2

I am having trouble creating this matrix in matlab, basically I need to create a matrix that has -1 going across the center diagonal followed be 4s on the diagonal outside of that (example below). All the other values can be zero.

 A5 = [-1 4 0 0 0;
     4 -1 4 0 0;
     0 4 -1 4 0;
     0 0 4 -1 4;
     0 0 0 4 -1];

I have tried using a command v = [4]; D = diag(v) but that only works for the center diagonal.

2

Use D = diag(u,k) to shift u in k levels above the main diagonal, and D = diag(u,-k) for the opposite direction. Keep in mind that you need u to be in the right length of the k diagonal you want, so if the final matrix is n*n, the k's diagonal will have only n-abs(k) elements.

For you case:

n = 5;           % the size of the matrix 
v = ones(n,1)-2;   % make the vector for the main diagonal
u = ones(n-1,1)*4; % make the vector for +1 and -1 diagonal
A5 = diag(v)+diag(u,1)+diag(u,-1) % combine everything together

Which gives:

A5 =

    -1     4     0     0     0
     4    -1     4     0     0
     0     4    -1     4     0
     0     0     4    -1     4
     0     0     0     4    -1
  • just for a complete idea how could I expand this to a 100 by 100 matrix? – user3609179 Jul 18 '16 at 21:25
  • @user3609179 See my edit to the answer – EBH Jul 18 '16 at 21:27
6

This can also be done using a toeplitz matrix:

function out = tridiag(a,b,c,N)
% TRIDIAG generates a tri-diagonal matrix of size NxN.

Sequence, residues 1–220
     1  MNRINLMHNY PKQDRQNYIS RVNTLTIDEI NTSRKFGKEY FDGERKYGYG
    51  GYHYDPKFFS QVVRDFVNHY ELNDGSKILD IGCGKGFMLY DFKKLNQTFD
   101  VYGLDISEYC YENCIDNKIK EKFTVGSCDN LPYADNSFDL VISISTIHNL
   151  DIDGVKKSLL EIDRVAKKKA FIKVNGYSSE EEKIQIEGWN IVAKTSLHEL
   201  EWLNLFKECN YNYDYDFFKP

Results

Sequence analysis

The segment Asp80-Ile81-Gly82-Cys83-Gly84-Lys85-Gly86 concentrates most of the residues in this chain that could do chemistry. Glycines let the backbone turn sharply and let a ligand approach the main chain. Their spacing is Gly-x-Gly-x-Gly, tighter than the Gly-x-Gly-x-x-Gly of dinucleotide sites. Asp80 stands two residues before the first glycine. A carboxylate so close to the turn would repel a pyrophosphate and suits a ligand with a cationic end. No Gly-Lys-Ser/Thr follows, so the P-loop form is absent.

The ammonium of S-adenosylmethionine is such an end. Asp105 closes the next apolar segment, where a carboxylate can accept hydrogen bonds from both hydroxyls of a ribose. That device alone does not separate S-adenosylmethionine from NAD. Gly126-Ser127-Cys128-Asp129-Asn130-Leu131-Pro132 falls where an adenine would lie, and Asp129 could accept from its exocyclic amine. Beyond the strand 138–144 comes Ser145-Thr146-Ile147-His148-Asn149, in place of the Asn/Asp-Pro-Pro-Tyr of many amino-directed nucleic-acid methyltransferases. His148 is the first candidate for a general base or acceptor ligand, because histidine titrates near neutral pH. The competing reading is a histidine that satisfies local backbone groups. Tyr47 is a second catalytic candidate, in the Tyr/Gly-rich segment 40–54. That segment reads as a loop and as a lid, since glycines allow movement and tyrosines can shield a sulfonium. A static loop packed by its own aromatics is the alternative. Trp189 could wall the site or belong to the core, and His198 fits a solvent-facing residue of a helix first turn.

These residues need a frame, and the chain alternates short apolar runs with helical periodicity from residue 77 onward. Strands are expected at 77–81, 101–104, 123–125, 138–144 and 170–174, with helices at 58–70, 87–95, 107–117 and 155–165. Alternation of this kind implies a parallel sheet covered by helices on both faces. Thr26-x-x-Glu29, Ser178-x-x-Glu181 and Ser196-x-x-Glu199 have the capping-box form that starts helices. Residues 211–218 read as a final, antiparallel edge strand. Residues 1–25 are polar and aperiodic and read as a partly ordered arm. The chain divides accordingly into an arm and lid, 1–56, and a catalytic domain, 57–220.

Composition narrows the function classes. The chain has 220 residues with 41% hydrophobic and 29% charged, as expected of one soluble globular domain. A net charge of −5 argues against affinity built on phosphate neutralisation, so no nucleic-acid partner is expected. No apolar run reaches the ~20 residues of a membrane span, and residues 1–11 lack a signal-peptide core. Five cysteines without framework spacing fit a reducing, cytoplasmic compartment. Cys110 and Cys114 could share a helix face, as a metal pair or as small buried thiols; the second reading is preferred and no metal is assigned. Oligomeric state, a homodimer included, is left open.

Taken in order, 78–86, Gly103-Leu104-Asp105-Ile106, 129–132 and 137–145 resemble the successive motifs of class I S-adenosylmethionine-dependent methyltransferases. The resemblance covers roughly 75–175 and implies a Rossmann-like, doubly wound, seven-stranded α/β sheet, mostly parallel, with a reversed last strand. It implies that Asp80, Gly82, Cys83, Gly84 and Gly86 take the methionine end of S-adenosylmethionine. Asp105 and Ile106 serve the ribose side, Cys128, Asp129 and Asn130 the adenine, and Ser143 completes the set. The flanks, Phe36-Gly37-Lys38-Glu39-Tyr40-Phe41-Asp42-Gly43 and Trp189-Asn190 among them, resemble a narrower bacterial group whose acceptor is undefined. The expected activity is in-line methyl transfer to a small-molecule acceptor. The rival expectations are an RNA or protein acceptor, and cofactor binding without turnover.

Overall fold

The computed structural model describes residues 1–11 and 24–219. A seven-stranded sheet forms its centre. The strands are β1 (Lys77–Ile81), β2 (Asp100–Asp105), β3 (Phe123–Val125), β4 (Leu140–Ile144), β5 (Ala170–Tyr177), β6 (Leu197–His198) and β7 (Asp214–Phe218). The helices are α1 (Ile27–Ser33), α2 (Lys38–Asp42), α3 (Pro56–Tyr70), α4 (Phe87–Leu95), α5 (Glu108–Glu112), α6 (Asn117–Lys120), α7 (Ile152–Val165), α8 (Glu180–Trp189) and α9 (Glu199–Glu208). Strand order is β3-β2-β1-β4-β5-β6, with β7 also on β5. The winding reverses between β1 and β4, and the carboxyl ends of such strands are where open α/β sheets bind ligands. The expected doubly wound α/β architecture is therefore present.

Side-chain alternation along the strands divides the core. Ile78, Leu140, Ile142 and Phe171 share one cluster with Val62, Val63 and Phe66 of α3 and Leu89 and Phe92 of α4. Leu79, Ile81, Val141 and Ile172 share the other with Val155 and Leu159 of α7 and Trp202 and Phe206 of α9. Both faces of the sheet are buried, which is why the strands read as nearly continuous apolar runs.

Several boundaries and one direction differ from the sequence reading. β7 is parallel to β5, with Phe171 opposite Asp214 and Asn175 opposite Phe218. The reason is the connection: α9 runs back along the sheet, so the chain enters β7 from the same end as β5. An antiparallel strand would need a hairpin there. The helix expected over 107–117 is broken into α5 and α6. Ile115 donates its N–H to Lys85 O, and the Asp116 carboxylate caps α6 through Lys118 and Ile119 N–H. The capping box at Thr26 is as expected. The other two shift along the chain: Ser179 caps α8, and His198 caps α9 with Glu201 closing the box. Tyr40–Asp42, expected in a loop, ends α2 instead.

% lower diagonal is a
%  main diagonal is b
% upper diagonal is c
out = toeplitz([b,a,zeros(1,N-2)],[b,c,zeros(1,N-2)]);

>> tridiag(4,-1,4,5)

ans =

    -1     4     0     0     0
     4    -1     4     0     0
     0     4    -1     4     0
     0     0     4    -1     4
     0     0     0     4    -1

Note #1: When your desired output is symmetric, you can omit the 2nd input to toeplitz.

Note #2: As the size of the matrix increases, there comes a point where it makes more sense to store it as sparse, as this saves memory and improves performance (assuming your matrix is indeed sparse, i.e. comprised mostly of zeros, as it happens with a tridiagonal matrix). Some useful functions are spdiags, sptoeplitzFEX and blktridiagFEX.

4

A little hackish, but here it goes:

N = 7; % matrix size
v = [11 22 33]; % row vector containing the diagonal values
w = [0 v(end:-1:1)];
result = w(max(numel(v)+1-abs(bsxfun(@minus, 1:N, (1:N).')),1))

This gives

result =
    11    22    33     0     0     0     0
    22    11    22    33     0     0     0
    33    22    11    22    33     0     0
     0    33    22    11    22    33     0
     0     0    33    22    11    22    33
     0     0     0    33    22    11    22
     0     0     0     0    33    22    11

To understand how it works, see some intermediate steps:

>> abs(bsxfun(@minus, 1:N, (1:N).'))
ans =
     0     1     2     3     4     5     6
     1     0     1     2     3     4     5
     2     1     0     1     2     3     4
     3     2     1     0     1     2     3
     4     3     2     1     0     1     2
     5     4     3     2     1     0     1
     6     5     4     3     2     1     0

>> max(numel(v)+1-abs(bsxfun(@minus, 1:N, (1:N).')),1)
ans =
     4     3     2     1     1     1     1
     3     4     3     2     1     1     1
     2     3     4     3     2     1     1
     1     2     3     4     3     2     1
     1     1     2     3     4     3     2
     1     1     1     2     3     4     3
     1     1     1     1     2     3     4
  • Nice ;-) I think you have a spare . in bsxfun(@minus, 1:N, (1:N).') – EBH Jul 19 '16 at 6:47
  • 3
    @EBH I prefer to leave that dot there :-) – Luis Mendo Jul 19 '16 at 8:36

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